Clonidine

Clonidine treats high blood pressure. Clonidine may cause dizziness, lightheadedness, and fainting if you get up too quickly from a lying position. This is more common when first starting clonidine.

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Clonidine Overview

Reviewed: June 3, 2013
Updated: 

Clonidine is a prescription medication used to treat high blood pressure, ADHD, and cancer pain. Clonidine belongs to a group of drugs called centrally acting alpha-agonist hypotensive agents, which work by relaxing the blood vessels and decreasing heart rate. It also prevent pain signals from being sent to the brain. The way it works to treat ADHD is not well understood.

This medication comes in tablet, extended-release tablet, and patch forms. The tablet and extended-release tablet is usually taken twice a day, with or without food. Clonidine also comes as a patch that is placed on the skin once every 7 days.

This medication is also available in an injectable form to be given by a healthcare professional.

Common side effects of clonindine include dry mouth, constipation, and sedation. Clonidine can also cause dizziness or drowsiness. Do not drive or operate heavy machinery until you know how this medication will affect you. Alcohol may intensify this side effect.

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Pill Images

clonidine hydrochloride 100 MCG Oral Tablet
Color: Orange
Shape: Round
Size: 6.00
Score: 2
Imprint: R127
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Clonidine Cautionary Labels

Uses of Clonidine

Clonidine is a prescription medication used to treat high blood pressure, ADHD, and cancer pain.

This medication may be prescribed for other uses. Ask your doctor or pharmacist for more information.

Clonidine Brand Names

Clonidine may be found in some form under the following brand names:

Clonidine Drug Class

Clonidine is part of the drug class:

Side Effects of Clonidine

Common side effects of clonidine tablets and extended-release include:

  • fatigue
  • upper airway tract infection
  • irritability
  • sore throat
  • insomnia
  • nightmares
  • emotional disorder
  • constipation
  • nasal congestion
  • increased body temperature
  • dry mouth
  • ear pain

Common side effects of the clonidine patch include:

  • dry mouth
  • drowsiness
  • fatigue
  • headache
  • insomnia
  • dizziness
  • dry throat
  • constipation
  • nausea
  • change in taste
  • nervousness

Common side effects of clonidine injectable include:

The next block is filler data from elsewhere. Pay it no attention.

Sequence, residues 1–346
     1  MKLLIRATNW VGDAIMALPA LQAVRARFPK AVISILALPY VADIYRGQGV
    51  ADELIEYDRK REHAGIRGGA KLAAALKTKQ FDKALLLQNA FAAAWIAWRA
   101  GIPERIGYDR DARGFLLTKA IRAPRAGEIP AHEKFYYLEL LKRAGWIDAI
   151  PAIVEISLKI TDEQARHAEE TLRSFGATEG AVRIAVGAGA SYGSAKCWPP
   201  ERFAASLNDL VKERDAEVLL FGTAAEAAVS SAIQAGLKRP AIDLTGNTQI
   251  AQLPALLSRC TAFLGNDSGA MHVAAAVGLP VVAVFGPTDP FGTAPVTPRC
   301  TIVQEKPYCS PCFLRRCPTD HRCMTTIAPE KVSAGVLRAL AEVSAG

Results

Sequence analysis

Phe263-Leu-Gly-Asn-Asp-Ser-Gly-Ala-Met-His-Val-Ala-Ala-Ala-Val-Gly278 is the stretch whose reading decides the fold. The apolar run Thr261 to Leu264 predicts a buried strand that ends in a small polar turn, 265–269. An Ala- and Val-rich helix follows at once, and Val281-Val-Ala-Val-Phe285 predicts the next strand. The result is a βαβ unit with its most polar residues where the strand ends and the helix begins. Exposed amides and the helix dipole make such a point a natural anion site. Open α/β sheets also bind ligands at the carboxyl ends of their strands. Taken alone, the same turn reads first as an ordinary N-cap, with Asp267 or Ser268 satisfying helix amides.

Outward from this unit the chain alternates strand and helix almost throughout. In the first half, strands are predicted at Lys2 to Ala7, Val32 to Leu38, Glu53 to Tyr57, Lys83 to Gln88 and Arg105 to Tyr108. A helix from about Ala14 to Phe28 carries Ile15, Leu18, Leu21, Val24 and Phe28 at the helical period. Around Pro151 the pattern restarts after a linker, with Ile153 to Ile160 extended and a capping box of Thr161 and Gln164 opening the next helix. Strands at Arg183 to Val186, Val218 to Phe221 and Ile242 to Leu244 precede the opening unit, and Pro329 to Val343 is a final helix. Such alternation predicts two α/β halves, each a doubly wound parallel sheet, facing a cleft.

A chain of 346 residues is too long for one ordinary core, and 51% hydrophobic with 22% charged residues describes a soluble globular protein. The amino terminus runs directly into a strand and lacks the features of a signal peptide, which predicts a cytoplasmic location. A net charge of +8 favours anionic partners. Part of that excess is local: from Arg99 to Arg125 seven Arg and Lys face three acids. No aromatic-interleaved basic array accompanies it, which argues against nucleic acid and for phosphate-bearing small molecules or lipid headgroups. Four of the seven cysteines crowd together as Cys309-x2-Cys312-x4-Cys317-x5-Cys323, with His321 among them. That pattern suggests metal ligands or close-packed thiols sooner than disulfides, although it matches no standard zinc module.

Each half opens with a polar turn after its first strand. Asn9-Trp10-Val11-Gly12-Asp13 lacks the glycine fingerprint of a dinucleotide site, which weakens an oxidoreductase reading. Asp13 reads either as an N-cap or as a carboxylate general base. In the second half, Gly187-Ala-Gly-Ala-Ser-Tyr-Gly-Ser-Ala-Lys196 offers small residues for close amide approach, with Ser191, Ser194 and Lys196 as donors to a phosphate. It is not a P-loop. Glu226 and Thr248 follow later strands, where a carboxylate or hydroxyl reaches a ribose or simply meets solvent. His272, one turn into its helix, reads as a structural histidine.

• drop in blood pressure
  • dry mouth
  • drowsiness
  • fatigue
  • headache
  • insomnia
  • dizziness

This is not a complete list of clonidine side effects. Ask your doctor or pharmacist for more information.

Serious side effects have been reported with clonidine. See “Drug Precautions” section.

Call your doctor for medical advice about side effects. You may report side effects to the FDA at 1-800-FDA-1088.

 

Clonidine Interactions

Tell your doctor about all the medicines you take including prescription and non-prescription medicines, vitamins, and herbal supplements. Especially tell your doctor if you take:

  • alcohol
  • barbiturates such as phenobarbital
  • tricyclic antidepressants such as selegiline (Emsam, Eldepryl), amitriptyline (Elavil), or nortriptyline (Aventyl, Pamelor)
  • antipsychotics such as haloperidol (Haldol), risperidone (Risperdal), and olanzapine (Zyprexa)
  • digoxin (Lanoxin)
  • calcium channel blockers such as verapamil (Calan), diltiazem (Cardizem), or amlodipine (Norvasc)
  • beta blockers such as carvedilol (Coreg), metoprolol (Lopressor, Toprol XL), and atenolol (Tenormin)

This is not a complete list of clonidine drug interactions. Ask your doctor or pharmacist for more information.

 

Clonidine Precautions

Oral/Injectable:

Serious side effects have been reported with clonidine including:

  • Rash. Use of the clonidine patch may result in a rash, and a switch to clonidine tablets may or may not cause this side effect.
  • Hypersensitivity (allergic) reaction. Use of the clonidine patch may result in a rash, and a switch to clonidine tablets may or may not cause this side effect. Tell your healthcare provider right away if you have some or all of the following symptoms:
    • rash
    • itchiness
    • swelling of face or throat
  • Skin burns. This side effect has been reported at the patch site in patients wearing the clonidine patch during a magnetic resonance imaging scan (MRI). It is recommended for the physician to have the patch removed before the patient has an MRI done.
  • Clonidine can cause drowsiness or dizziness. Do not drive or operate heavy machinery until you know how clonidine affects you.
  • To avoid withdrawal side effects (e.g. nervousness, headaches, tremors), do not suddenly stop taking clonidine. Discuss with your doctor about slowly decreasing the dose before stopping use of this medication altogether.
  • Clonidine may worsen pre-existing heart conduction abnormalities, especially if you are taking other drugs similar to the way clonidine works.
  • Do not use clonidine hydrochloride extended-release tablets with other medications containing clonidine.
  • Do not take clonidine if you have a known hypersensitivity (allergic reaction) to clonidine or to any other component of the tablet or patch forms.

Topical:

  • Refer to precautions listed under "Oral" above.